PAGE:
Valve Numbering Systems

The following information is derived from various sources, including Radio Bygones magazine, Volume 9 (February/March 1991).

Pro-Electron/Mullard Code

This are probably the most commonly encountered numbering system in the UK - and also the most informative. It consists of two or more letters followed by a number (normally two digits).
Examples - UL41, ECC85, UABC80.

The first letter gives heater rating.

CharacterHeater Rating
D0 - 1.5V (previously 1.4V)
GMisc. (previously 5V)

The remaining letters give the types of device in the valve. They are normally listed in alphabetical order.

CharacterDevice Type
ASignal diode
BDouble diode
CSignal triode
DPower triode
ESignal tetrode
FSignal pentode
HHexode or heptode (hexode type)
KOctode or heptode (octode type)
LOutput tetrode or pentode
MMagic eye (tuning indicator)
NGas-filled triode (thyrathon)
XGas-filled full-wave rectifier
YHalf-wave rectifier
ZFull-wave rectifier

The first digit indicates the base type. Where there is only one digit this is assumed to be the second digit, and be preceded by a zero. For example, EM4 should be interpreted as EM04.

DigitBase Type
0 and 1Miscellaneous bases (P-base, side contact etc)
2B10B (previously B8B/B8G (Loctal))
3International Octal (8-pin with centre locating spigot)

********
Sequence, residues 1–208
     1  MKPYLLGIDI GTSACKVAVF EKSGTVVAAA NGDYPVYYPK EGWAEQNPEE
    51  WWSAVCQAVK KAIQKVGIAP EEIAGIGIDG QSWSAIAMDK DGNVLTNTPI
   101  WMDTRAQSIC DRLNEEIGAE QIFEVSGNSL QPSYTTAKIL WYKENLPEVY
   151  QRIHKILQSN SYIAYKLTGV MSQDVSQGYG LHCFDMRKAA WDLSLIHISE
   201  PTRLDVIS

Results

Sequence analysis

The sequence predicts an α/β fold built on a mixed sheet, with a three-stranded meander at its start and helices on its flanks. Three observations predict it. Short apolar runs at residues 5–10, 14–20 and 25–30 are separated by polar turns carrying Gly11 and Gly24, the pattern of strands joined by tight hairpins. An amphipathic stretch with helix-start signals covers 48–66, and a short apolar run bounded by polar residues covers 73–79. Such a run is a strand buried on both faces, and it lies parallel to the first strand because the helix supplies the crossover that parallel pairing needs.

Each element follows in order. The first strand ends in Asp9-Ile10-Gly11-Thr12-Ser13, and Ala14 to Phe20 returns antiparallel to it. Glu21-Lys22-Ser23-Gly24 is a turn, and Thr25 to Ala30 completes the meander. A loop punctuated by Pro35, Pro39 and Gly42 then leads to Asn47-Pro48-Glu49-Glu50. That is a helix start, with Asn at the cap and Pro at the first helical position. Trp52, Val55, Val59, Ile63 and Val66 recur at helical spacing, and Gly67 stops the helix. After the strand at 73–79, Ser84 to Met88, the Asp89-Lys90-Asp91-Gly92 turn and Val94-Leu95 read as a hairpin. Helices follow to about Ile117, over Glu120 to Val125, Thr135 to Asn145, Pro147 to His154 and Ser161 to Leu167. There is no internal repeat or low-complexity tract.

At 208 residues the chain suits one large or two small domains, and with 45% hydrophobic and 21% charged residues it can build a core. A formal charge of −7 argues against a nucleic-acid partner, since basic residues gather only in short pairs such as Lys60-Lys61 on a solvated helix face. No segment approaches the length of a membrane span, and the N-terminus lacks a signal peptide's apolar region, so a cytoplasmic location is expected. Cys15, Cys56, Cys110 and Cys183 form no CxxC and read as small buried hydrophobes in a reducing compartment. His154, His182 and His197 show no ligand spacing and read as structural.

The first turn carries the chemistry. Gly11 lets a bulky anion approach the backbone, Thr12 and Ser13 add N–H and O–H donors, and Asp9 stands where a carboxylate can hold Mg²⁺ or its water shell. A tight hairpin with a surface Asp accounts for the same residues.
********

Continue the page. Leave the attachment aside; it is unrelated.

4B8A (8 pin with locating pip on side)
5B9G and B9D (wire ended)
6 and 7Subminatures
8B9A (9-pin glass)
9B7G (7-pin glass)

The remaining digit(s) are used to differentiate between valves that would otherwise have identical numbers:-
One digit for early valves
Two figures for later entertainment valves
Three or Four figures for later professional types

GEC Code (also used on Marconi and Osram valves)

This consists of one or two letters followed by a number (normally two digits). Examples L63, KT88.

The letters have the following meaning.

CharactersDevice Type
AIndustrial valve (could be anything!)
BDouble triode
GUGas-filled rectifier
GTGas-filled triode (thyrathon)
HSignal triode (high impedance)
HSignal triode (medium impedance)
KTKinkless tetrode (beam tetrode)
KTWVari-mu RF kinkless tetrode
KTZSharp cut-off RF kinkless tetrode
LSignal triode (low impedance)
MUIndirectly heated rectifier
NOutput pentode
POutput triode
PXOutput triode
QPQuiescent push-pull double pentode
VSVari-mu tetrode
WVari-mu pentode